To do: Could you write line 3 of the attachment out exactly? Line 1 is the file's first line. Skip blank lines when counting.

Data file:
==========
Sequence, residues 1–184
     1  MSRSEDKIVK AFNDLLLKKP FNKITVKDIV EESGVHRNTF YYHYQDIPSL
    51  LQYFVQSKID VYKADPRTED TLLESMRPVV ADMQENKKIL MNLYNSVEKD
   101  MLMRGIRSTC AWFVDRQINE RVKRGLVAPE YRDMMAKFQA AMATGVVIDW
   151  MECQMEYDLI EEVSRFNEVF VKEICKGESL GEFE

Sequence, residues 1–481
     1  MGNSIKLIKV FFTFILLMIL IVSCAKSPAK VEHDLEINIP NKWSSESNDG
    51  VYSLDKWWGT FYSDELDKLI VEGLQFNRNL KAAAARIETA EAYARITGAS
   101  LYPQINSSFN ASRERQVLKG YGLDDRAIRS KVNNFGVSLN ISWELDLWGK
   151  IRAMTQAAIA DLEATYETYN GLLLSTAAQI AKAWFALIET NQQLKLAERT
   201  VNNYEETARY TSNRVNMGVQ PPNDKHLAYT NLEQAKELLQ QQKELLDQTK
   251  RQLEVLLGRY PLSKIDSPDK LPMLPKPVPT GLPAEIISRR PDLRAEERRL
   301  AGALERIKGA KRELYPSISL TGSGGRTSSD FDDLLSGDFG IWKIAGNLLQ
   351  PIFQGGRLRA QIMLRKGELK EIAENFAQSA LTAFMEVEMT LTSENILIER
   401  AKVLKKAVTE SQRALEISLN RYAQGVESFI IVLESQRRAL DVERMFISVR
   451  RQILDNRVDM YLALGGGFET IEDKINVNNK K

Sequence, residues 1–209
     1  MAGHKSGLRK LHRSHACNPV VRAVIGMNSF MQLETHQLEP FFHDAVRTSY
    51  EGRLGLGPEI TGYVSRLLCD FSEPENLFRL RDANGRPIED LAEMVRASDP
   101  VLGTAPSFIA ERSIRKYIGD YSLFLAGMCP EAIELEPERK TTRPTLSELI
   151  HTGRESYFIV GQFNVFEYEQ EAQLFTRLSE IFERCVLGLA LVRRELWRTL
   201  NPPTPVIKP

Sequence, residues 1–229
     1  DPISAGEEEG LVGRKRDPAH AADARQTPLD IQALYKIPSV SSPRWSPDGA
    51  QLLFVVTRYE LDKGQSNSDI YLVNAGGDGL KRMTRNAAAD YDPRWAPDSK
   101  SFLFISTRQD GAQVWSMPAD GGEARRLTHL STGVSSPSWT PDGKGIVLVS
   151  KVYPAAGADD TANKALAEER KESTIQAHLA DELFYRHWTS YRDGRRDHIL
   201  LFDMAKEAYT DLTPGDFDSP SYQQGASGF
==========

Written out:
    51  LQYFVQSKID VYKADPRTED TLLESMRPVV ADMQENKKIL MNLYNSVEKD